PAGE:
JOURNAL ARTICLE
RANDOMIZED CONTROLLED TRIAL

P53 and Ki-67 as outcome predictors for advanced squamous cell cancers of the head and neck treated with chemoradiotherapy

P Lavertu, D J Adelstein, J Myles, M Secic
Laryngoscope 2001, 111 (11): 1878-92
11801963

HYPOTHESIS: P53 and Ki-67 status will predict response to treatment, organ preservation, and survival in patients with advanced squamous cell cancers of the head and neck treated with chemoradiotherapy (CRT).

STUDY DESIGN: Retrospective analysis of p53 and Ki-67 status from the CRT arm of a randomized, controlled trial (n = 50) and from patients receiving the same treatment but not enrolled in the trial (n = 55).

METHODS: P53 and Ki-67 status were established from archived tissue samples using immunohistochemical (IHC) staining. Tumors were positive for p53 (p53+) when more than 2% of cells stained for p53 and were positive for Ki-67 (Ki-67+) when any cell stained for Ki-67. End points were tumor response, tumor recurrence, survival status, and organ preservation at last follow-up, and time to events. Predictive models were calculated for each outcome.

RESULTS: Neither marker predicted tumor response to treatment. P53+ status was associated with tumor recurrence (P =.003) and locoregional recurrence (P =.003). Adjusting for time to event, p53+ status was significantly related to a lower recurrence-free survival (P =.004), lower disease-specific survival (P =.04), lower overall survival with primary site preservation (P =.03), and lower disease-specific survival with primary site preservation (P =.003). Multivariate analysis revealed that p53+ status was significantly related to a lower recurrence-free survival (P =.01, risk ratio [RR] = 3.65) and lower disease-specific survival with organ preservation (P =.02, RR = 3.41). Ki-67+ status was not related to any variables. However, multivariate analysis revealed that Ki-67+ was significantly related to a lower overall survival (P =.05, RR = 2.03). The combination of both markers negative (p53-/Ki-67-) was associated with a lower incidence of tumor recurrence (P =.02), lower locoregional recurrence (P =.01), and fewer second primary lesions (P =.04). Adjusting for time to event, p53-/Ki-67- status was significantly related to a higher recurrence-free survival (P =.02), higher disease-specific survival with primary site preservation (P =.02), and higher overall survival with primary site preservation (P =.02). Multivariate analysis revealed that p53-/Ki-67- status was significantly related to a higher overall survival with site preservation (P =.01, RR = 2.78).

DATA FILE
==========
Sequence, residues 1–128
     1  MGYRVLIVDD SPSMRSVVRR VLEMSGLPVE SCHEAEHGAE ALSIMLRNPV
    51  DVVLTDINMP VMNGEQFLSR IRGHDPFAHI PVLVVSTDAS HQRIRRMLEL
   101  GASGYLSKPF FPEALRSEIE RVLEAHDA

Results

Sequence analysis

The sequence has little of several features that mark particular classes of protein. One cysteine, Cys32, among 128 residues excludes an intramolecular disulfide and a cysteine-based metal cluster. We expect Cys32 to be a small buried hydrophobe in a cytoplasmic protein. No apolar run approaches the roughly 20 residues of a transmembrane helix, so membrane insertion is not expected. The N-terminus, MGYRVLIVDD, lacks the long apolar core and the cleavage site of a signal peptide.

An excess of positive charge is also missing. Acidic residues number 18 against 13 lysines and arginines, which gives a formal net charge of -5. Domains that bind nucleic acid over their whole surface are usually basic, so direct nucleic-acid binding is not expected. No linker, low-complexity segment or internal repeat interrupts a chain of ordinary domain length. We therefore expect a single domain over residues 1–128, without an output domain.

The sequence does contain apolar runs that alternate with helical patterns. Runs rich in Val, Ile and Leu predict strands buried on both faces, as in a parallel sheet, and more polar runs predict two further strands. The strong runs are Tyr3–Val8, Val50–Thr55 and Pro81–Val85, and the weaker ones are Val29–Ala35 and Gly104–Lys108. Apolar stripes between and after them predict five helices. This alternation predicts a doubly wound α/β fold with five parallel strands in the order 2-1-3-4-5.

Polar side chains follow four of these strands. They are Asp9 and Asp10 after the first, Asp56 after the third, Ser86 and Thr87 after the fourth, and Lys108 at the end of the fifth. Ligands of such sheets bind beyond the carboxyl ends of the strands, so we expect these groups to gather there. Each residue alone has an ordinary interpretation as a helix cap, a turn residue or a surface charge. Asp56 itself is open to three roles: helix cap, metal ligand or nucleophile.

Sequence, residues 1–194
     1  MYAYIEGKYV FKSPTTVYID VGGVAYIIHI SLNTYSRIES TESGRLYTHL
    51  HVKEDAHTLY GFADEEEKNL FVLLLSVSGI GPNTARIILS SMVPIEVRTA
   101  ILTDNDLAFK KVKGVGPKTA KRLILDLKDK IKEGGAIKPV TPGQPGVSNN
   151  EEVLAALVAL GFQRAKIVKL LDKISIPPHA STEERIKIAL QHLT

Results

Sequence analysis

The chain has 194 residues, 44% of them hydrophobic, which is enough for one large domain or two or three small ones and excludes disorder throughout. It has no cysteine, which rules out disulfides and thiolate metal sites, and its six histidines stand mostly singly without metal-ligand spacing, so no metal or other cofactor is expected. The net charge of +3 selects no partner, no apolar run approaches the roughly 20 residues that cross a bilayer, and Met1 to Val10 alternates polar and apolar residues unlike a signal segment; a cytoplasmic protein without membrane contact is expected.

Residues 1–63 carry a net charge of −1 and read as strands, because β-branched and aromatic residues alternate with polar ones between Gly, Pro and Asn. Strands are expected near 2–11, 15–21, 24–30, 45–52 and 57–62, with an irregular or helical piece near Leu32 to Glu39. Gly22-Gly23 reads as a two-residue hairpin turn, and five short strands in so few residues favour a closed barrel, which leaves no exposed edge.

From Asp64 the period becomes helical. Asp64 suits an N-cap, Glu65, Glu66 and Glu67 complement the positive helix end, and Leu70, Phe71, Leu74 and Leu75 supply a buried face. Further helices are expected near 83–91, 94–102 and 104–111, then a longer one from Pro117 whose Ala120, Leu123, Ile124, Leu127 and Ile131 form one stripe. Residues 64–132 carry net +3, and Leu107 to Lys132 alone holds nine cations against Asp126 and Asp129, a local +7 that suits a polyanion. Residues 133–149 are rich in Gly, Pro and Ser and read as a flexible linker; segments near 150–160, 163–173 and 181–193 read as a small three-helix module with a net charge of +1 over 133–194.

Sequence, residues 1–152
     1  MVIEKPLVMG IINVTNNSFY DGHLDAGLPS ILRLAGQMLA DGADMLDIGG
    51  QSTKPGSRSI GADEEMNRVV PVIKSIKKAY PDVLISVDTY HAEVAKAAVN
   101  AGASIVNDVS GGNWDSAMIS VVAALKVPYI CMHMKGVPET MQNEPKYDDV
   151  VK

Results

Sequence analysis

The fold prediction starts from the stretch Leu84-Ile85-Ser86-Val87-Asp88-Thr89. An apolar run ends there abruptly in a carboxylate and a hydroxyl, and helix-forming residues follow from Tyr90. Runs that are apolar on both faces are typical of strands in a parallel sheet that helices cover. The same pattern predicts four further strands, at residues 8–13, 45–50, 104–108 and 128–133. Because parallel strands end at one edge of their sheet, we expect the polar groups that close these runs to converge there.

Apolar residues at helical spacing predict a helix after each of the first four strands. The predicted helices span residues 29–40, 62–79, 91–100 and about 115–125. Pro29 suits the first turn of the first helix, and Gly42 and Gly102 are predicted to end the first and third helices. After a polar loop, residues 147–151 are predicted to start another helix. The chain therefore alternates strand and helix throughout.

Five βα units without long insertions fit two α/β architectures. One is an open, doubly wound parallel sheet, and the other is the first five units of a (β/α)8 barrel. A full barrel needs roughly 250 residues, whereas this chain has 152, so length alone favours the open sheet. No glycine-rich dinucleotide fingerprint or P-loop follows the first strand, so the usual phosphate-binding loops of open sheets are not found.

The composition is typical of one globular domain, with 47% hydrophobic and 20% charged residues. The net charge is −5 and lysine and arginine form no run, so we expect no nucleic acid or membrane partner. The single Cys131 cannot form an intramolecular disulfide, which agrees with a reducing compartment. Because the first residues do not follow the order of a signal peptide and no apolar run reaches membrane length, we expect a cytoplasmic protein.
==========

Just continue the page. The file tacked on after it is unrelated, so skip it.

CONCLUSIONS: P53 and Ki-67 status appear to be related to the various survival end points considered in this study. However, this relation does not seem to be sufficient to warrant treatment modifications. Closer follow-up may be justified in both p53+ and Ki67+ patients to detect recurrence or a second primary at an earlier stage, possibly improving survival.

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